Teyana Taylor

Teyana Taylor wears her identity on her sleeve in her third album

Teyana Taylor
Teyana Taylor - The Album
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The Album offers a shining insight into the mindset of Teyana Taylor – motherhood, love and fundamentally what it means to be a Black woman in 2020.

Juneteenth marks the day in 1865, when over two years after Abraham Lincoln’s Emancipation Proclamation, federal orders finally reached Texas, liberating those who had been enslaved. It is a day often known as ‘Liberation Day’, which is fitting – Teyana Taylor’s choice to release The Album on the anniversary of the celebration was not coincidental. A time when the momentum of the Black Lives Matter movement seems more fervent than ever.

With an abruptness akin to cannonballing into a cool pool on a scorching day, Taylor welcomes you into her life so intimately that it almost feels intrusive. Plunging you straight into the action, ‘Intro’ plays the 911 call that Taylor’s husband made when she went into labour: wrought with raw emotion and panic, it stands to remind the listener that motherhood and family are intrinsic parts of Taylor.

She continues to navigate through The Album with a steady self-assuredness – the kind that allows you to throw off the shackles of your nosier peers glancing into your life. It is unapologetic and blatant in its message – at times brazenly horny, at other times furious, often content. Tracks like ‘Killa’ with its chilled afrobeats are particularly striking because of the intense confidence. Taylor is completely unshakeable, and it is definitive – after an album that perhaps did not allow her to fully explore her artistry, The Album is expansive and untethered.  

An ode to old-school R&B, Taylor manages to side-step the all-too familiar trap of limiting an album to nostalgia and repetition. The Album might sample the classics and be coloured with their influence, but it is a modernised, sweetened rendition. She propels the array of features to new heights: Kehlani’s honeyed vocals have never sounded sweeter than alongside Taylor’s own huskiness, and Erykah Badu sounds all the more powerful on ‘Lowkey’. A spoken word outro on the album’s final song, ‘We Got Love’, comes from the one and only Lauryn Hill, and it carries a message that envelopes the album. Weaving a tale of contentment and happiness, the icon finds the value that Taylor tries to convey. A 23 track album is inherently ambitious, and arguably would be hard to sustain for most artists, and at time it feels like this weighs Taylor down – not every song can soar. Yet, the length is needed: it reiterates the immovable force that Teyana Taylor can be and showcases on The Album.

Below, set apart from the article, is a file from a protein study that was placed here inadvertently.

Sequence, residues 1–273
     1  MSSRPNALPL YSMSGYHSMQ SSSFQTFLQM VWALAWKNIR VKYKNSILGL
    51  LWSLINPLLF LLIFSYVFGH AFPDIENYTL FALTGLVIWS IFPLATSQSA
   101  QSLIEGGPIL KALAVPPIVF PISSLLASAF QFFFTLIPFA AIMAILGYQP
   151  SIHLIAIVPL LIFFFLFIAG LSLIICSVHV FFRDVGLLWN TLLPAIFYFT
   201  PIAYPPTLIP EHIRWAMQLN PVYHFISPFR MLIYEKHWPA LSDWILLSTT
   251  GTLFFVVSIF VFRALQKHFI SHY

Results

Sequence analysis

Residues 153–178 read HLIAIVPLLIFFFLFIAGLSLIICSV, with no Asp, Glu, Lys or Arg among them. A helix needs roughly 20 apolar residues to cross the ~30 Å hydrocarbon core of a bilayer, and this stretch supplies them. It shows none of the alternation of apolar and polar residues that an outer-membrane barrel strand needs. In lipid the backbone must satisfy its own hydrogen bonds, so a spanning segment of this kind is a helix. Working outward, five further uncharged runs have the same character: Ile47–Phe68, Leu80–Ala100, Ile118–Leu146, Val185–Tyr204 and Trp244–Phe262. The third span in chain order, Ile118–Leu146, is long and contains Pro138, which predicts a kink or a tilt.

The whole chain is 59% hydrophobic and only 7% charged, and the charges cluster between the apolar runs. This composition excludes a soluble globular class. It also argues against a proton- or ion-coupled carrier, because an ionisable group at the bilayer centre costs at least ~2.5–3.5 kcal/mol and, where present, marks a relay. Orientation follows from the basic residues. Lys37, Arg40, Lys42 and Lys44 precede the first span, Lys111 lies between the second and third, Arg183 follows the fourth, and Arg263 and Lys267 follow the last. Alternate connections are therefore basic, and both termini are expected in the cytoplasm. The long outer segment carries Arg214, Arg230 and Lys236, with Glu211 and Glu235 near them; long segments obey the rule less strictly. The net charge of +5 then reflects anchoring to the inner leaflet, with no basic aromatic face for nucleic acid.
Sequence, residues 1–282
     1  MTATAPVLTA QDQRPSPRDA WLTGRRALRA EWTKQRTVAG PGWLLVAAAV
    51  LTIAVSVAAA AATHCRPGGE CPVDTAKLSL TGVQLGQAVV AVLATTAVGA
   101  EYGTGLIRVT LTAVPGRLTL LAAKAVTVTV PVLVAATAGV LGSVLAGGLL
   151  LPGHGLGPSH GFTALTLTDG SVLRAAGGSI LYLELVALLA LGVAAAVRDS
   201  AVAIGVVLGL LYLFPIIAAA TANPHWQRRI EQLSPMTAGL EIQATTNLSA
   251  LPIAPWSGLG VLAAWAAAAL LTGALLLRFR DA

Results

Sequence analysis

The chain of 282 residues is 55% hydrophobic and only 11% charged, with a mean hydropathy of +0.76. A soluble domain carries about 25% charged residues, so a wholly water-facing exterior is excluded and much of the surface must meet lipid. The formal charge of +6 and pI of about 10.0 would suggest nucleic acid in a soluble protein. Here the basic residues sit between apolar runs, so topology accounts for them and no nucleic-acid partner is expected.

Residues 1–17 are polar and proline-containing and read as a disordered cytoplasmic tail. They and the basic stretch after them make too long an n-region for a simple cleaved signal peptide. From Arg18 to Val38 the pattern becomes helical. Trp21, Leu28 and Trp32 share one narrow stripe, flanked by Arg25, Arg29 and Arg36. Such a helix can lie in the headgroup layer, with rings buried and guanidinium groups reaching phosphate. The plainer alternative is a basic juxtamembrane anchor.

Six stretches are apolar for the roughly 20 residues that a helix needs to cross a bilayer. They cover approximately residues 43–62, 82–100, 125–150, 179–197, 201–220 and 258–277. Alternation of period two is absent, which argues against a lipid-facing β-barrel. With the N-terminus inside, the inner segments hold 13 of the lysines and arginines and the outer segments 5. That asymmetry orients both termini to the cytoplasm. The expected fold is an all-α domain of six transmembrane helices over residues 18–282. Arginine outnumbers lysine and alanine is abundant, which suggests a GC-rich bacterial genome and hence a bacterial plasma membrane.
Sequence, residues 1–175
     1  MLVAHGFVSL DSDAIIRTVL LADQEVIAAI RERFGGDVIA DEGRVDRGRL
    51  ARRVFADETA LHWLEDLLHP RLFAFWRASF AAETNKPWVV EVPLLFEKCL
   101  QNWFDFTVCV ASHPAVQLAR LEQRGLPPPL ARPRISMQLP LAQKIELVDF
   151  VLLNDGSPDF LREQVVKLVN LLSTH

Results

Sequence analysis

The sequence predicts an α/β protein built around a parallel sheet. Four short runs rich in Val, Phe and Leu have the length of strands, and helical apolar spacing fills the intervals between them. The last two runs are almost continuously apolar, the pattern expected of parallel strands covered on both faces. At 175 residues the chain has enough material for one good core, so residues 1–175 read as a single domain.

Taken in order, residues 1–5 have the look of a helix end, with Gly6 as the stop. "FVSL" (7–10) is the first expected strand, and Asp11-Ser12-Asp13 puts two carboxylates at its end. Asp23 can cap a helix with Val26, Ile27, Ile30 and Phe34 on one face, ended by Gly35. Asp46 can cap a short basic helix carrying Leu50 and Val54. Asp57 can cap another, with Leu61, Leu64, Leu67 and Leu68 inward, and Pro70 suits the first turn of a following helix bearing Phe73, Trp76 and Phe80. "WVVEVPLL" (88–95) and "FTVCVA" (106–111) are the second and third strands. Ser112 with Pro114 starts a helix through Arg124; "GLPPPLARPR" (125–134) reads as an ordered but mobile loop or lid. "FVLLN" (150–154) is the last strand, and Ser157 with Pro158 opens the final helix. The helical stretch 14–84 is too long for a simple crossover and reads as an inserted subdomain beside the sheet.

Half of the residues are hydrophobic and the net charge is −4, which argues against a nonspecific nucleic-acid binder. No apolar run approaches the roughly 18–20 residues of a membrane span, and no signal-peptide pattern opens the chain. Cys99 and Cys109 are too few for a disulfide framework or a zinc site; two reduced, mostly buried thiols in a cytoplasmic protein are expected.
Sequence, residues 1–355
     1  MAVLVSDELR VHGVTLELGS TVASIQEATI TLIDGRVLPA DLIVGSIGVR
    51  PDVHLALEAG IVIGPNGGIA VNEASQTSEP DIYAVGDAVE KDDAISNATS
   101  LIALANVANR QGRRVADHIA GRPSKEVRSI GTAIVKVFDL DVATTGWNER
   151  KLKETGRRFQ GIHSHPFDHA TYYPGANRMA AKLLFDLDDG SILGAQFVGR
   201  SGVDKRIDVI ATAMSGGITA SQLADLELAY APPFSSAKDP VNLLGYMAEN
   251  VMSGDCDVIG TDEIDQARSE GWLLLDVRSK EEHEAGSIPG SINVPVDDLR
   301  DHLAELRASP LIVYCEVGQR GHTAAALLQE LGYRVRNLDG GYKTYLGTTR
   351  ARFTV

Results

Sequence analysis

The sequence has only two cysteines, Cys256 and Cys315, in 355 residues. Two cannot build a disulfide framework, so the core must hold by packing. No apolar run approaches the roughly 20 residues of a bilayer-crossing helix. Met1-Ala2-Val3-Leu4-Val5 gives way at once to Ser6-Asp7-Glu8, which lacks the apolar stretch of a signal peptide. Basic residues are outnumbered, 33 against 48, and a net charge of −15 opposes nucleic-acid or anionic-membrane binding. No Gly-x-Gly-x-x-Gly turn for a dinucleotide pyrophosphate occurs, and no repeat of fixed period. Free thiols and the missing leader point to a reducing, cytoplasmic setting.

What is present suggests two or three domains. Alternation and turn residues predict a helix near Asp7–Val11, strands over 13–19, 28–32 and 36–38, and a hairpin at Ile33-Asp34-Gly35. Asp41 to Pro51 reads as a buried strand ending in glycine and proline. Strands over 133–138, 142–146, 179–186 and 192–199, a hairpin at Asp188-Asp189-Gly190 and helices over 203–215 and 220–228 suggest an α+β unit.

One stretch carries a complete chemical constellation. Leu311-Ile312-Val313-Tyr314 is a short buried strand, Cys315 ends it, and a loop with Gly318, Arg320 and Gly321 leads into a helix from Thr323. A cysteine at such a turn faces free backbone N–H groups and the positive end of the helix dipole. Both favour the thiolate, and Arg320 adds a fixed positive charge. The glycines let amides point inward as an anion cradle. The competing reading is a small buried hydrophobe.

There is a lot she has to say, and we need to hear it. Dedicating the full hour and twenty minutes to listen to her journey seems crucial right now.

Haiku Review:
The Album is here, 
Teyana is on top form,
Sultry, iconic.

Listen to Teyana Taylor on Spotify and Apple Music. Oh, and if you enjoyed this, check out our print magazines HERE.